As my experience with Linux develops. The way I view it, and use it evolves. When I first started using Linux, it was as much for the novelty factor as anything. I liked the idea that it was free, and had a range of software that cost nothing to install. Initially I was hopeful that it would be a good alternative to my then standard MacOSX Macbook, for using the internet, viewing websites and email. Viewing websites was straight forward from the beginning, though email took me some time to work out. The breakthrough came with an update to Thunderbird, which automated the setup for Gmail accounts. Since then I have learned more about email, and can now do more with it than I was ever able to do on OSX. As I started to explore some of the other software available on Linux, I found some of it to be of comparable quality to the commercial standards I had been using on OS9 and OSX, though some of it was on the clunky side. Open Office being a good example of the later, though this has been well and truly rectified since it was forked into LibreOffice. How does LibreOffice compare with Microsoft Office? I don't know, as I haven't used MS Office beyond the 2004 version for Mac. I do know that it is very functional, stable, and apart from some formatting differences, has no problems working with even the latest docx files. In other areas of software it is like comparing apples with oranges. Take for example, Photoshop. The nearest equivalent is generally considered to be GIMP. Detractors of the GIMP will often point to the fact that Photoshop offers 16 bit floating point, where as the GIMP only does 8 bit. As I said apples and oranges. Photoshop is layers based, where as the GIMP is node based. While you can actually do much the same thing with both programs, how that is done is quite different, and as to the 8 bit, 16 bit thing, well Cinepaint (a GIMP fork) is quite happy doing 32 bit floating point. For the most part I now prefer using GIMP (it does work better on Linux systems, than others) and occasionally use Cinepaint when I want to do something in 32 bit.
In the same vein, I found setting up Linux for audio recording/production to be a very steep learning curve, but now have a production environment that is an order of magnitude beyond what I had envisioned possible on a Mac environment, it also required a very different approach.
When I first started using Linux, I was fortunate to start with Ubuntu. Ubuntu is, I think the very best distribution of Linux for beginners. It is probably also among the best all round distributions for general use. That said I became interested in some of the other distributions, particularly Debian, from which Ubuntu is derived. I started trying out some other distributions as virtual machines in Oracle's VirtualBox software, which while giving a small taste, just wasn't the same as running the distro's on their own partition on my computer. Due to the fact that my computer is much more powerful than the average home computer, and on going developments with VirtualBox, I now feel much more comfortable running virtual machines, but also run five different Linux distro's natively on my computer.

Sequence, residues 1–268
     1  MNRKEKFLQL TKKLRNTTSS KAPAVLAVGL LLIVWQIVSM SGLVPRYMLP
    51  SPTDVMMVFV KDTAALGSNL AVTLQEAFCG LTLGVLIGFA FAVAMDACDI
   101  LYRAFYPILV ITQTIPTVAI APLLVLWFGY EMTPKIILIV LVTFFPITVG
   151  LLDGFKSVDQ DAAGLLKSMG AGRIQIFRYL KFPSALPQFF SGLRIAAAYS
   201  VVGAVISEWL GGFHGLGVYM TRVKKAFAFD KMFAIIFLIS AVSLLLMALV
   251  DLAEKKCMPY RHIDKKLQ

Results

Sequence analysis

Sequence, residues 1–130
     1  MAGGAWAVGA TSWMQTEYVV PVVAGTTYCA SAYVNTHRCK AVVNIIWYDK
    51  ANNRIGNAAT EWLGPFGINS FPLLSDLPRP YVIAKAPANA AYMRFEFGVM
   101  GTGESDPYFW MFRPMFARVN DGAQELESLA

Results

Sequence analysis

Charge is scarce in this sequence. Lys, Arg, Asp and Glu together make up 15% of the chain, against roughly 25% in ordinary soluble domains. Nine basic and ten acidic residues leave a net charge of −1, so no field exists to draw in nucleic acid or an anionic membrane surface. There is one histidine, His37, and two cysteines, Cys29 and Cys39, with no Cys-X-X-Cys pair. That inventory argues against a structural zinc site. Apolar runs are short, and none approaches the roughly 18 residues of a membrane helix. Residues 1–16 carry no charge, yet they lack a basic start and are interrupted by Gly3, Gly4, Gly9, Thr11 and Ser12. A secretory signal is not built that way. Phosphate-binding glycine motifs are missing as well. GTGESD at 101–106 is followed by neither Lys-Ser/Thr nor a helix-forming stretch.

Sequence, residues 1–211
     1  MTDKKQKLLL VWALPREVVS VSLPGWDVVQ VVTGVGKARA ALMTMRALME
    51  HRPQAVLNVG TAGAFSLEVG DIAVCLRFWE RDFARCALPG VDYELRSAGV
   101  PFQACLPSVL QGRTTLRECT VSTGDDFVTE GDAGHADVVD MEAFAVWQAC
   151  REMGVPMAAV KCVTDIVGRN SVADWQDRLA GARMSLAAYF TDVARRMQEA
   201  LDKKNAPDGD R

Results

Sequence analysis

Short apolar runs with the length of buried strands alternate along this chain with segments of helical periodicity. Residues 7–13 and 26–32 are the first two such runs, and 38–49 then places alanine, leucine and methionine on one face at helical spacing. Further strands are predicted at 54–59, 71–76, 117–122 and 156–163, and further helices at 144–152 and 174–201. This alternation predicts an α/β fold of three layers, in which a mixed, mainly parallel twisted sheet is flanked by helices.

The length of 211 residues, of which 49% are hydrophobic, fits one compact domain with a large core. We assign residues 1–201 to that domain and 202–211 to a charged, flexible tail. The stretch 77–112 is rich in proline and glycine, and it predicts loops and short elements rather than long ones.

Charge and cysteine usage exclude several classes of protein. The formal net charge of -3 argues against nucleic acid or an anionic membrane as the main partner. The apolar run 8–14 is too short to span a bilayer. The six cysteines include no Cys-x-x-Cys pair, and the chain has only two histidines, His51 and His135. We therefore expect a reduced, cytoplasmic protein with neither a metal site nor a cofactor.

Currently I have 1: Ubuntu 10.04LTS as a bloated general purpose OS, though I rarely use it now.
I also have 2: Debian Squeeze (stable) set up for audio and video production. This is a very stable and powerful system.
My favorite system until recently was 3: Debian Wheezy (testing) which is generally a fun system to play with, though with the nature of it being a distro in testing phase it can and does develop some odd traits and I am currently waiting for one of those triats to be ironed out before I go back to regular usage.
I'm currently favoring 4: Fedora 16 for general internet and graphics usage. I don't find it as versatile as the Debian systems, but it seems to excel for graphics.
This post is being written on 5: OpenSUSE 12.1. I installed and started using this distro as part of studying towards LPIC-1 certification, and as the favored distro of the text book author, it is easier to do some of the exercises on. My current opinion of it, is that it makes an excellent distribution for use in an office, but has limited appeal to me beyond that.
I think my next project will be to build a NAS system, most likely running FreeNAS (FreeBSD variant) as the operating system.
Final thoughts: Linux is a Posix compliant operating system. Many people who don't know any better belittle Linux, stating that it isn't up to the level of Microsoft Windows. Consider this, Posix compliant systems (Linux, OSX, BSD, UNIX) going back to the original UNIX operating system, have over 40 years of commercial use and continuous development by people in such high numbers that Microsoft could only dream of being able to employ. In comparison to the length and depth of Posix development, Windows is still only an adolescent. This website, as are about 90% of all websites, is being delivered to your computer by a Linux server.
PS, Linux is infinitely customizable. If you don't like, or find the desktop of a Linux distribution unpleasant to use, you can simply change to a different desktop on a given distribution. Personally I don't like using KDE, Gnome3, or Unity, so instead I use XFCE, which works very well for me. There are also many other desktops to choose from too. I have recently installed Xubuntu 12.04 (Ubuntu 12.04 with the XFCE desktop) as a virtual machine, and so far it looks very impressive. I like to wait around six months after the release of a new Ubuntu version so it can stabilize.